The beautification of those nine kilometers or so of Siem Reap River banks is part of the Siem Reap Tourism Development Master Plan 2020-2035.  With a budget of $150 million, the master plan has involved building 38 roads and is scheduled for completion by the end of Dec. 2021.

Phuong Virak, who has loudly opposed the forced evictions, said that she has not been able to accept the authorities' coercive and unfair treatment of her family.

She and her family had a large wooden house and three smaller ones on the riverbanks. Today, they find themselves with one plot of land like the families who only had a small home, which is disappointing and rather unfair, she said.

“I do not object, but this makes us lose almost a lifetime of earnings,” Virak said. “I do not oppose it, just I want the policy [to] solve this appropriately.

"If they say that it is justice as everyone got the same size of land, it is not fair since they had small land on the riverbank,” she said. “But my land was big and the houses: It does not seem what is called justice, what is kind of fair.”

Virak, who is currently staying at a relative's home in Siem Reap City, has requested another plot of land from the authorities to add to the one she has already received. If she gets it, she will sell it and use the money to start a business and pay for her children's education, she said.

The Siem Reap Province authorities ask expropriated residents to be patient

Responding to the people’s complaints and requests, Ly Samrith, deputy governor of Siem Reap Province, said that the authorities have installed electricity and water systems at this new location named Run Ta Ek nature village, which will prosper when it is developed into a nature tourism destination as planned.

However, Samrith acknowledged that everyday living may be a bit difficult at first for the villagers as they have to switch from life in an urban area to life in a rural one. Change is not easy but the impact will only be minor, he said.

Samrith then asked villagers to be patients as they will have a better future in that village. “They are starting to have hope, stability, certainty and legal ownership,” he said. “Therefore, they can build a better and more secure life.

“In the past, they were living without recognized [land] ownership,” he said. “I would like to state that, even in another 100 years, they would not have gotten ownership.”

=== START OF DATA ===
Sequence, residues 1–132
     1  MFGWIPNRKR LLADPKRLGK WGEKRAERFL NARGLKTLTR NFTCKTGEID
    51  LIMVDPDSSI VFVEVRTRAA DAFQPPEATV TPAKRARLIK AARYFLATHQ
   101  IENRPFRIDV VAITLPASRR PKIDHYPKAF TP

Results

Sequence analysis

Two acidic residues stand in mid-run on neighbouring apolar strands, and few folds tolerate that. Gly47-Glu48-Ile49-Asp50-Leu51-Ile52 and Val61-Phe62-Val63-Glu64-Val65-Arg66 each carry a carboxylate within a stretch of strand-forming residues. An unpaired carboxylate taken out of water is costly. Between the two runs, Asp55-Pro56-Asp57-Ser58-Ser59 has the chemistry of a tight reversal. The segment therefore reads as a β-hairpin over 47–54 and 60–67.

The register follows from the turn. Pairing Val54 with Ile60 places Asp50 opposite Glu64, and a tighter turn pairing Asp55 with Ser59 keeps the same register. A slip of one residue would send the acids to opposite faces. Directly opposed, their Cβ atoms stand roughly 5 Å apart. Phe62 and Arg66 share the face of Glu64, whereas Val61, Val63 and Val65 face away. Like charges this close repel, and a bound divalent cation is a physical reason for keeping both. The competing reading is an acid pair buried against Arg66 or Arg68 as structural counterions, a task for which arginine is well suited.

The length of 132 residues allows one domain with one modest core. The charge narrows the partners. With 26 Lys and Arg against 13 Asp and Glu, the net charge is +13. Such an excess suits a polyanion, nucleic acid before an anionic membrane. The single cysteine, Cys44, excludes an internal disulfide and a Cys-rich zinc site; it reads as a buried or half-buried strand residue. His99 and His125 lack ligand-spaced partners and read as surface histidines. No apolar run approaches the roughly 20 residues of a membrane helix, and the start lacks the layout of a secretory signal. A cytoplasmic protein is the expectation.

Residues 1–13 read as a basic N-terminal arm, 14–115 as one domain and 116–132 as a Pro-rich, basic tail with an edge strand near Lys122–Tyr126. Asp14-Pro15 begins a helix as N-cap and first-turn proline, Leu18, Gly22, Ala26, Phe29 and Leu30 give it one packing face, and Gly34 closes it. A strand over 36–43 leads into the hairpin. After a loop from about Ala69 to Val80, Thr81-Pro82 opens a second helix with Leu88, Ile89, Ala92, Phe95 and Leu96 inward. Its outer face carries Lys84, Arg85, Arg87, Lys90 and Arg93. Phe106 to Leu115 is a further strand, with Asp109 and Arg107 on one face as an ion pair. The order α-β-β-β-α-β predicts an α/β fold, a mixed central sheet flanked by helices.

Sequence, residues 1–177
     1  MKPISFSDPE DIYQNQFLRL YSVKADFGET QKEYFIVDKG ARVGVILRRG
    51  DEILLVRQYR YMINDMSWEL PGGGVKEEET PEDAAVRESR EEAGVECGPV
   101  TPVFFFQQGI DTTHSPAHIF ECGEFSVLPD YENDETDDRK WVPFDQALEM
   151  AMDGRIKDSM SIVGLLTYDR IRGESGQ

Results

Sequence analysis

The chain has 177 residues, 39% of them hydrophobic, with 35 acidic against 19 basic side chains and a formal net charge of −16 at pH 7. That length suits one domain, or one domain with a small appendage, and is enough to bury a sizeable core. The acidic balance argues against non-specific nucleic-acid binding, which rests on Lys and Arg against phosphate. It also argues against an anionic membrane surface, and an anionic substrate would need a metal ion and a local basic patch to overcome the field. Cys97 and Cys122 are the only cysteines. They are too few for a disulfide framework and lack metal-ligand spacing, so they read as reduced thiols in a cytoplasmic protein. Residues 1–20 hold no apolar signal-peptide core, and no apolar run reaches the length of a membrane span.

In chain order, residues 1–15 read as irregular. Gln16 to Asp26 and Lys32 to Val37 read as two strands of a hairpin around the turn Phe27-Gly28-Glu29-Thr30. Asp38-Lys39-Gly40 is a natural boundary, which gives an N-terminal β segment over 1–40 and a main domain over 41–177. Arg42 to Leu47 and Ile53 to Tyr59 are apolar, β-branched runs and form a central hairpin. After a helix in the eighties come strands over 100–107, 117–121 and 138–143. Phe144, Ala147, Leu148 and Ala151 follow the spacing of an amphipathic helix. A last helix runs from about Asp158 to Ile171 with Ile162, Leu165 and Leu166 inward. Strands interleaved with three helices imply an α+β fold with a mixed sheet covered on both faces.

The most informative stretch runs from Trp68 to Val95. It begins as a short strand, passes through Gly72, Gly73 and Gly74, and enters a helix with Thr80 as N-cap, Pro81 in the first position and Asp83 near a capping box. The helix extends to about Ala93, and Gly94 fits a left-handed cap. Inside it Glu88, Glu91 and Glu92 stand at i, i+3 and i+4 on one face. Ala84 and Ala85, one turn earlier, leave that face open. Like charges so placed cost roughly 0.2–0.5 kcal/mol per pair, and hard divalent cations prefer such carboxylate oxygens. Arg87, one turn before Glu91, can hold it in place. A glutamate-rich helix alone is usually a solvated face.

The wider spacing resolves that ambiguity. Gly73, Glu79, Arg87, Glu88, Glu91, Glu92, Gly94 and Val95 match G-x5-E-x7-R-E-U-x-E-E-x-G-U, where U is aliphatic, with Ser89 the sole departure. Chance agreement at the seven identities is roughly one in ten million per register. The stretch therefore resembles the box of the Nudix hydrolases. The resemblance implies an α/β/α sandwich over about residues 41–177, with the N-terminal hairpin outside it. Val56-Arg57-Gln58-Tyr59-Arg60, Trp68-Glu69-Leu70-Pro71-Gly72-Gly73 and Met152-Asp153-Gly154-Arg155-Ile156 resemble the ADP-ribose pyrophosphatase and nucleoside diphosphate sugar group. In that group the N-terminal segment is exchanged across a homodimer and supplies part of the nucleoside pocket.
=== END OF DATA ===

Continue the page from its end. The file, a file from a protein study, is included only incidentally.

The Siem Reap provincial authorities have requested 350 hectares of land in the vicinity of the new Run Ta Ek village, which is under the control of the Apsara National Authority that oversees the Angkor Archeological Park. These 350 hectares have been set aside for people affected by the various development projects in the city, Samrith said. So far, around 700 families have moved to this new area.

The authorities should look into getting relocated people help and housing, Licadho representative says     

Sar Vannara, Licadho’s provincial coordinator in Siem Reap Province, said that people who have accepted the land settlement have had no choice but to move to the new area, although they know that there will be economic problems.

“The land provided is not acceptable yet because their life is still affected and the l[village] is also far away,” he said. “If possible, there should be appropriate measures and houses built for them.”

Vannara appealed to the authorities to provide people evicted due to the Siem Reap River development project with protection and suitable compensation.

Phoung Virak who says she has received unfair compensation, asked the authorities to resolve this development issue in a way that will be appropriate and acceptable to all sides.

“If there is such a situation in any other places [in the country], please do not use this as an example to deal with people,” Virak said. “There should be consultation with people first. Difficulties they are facing should be considered, and [one should] make sure that there is an agreement with both sides.

“Do not make either side feel pressured,” she said. “It is not good.”

Additional reporting by Phoung Vantha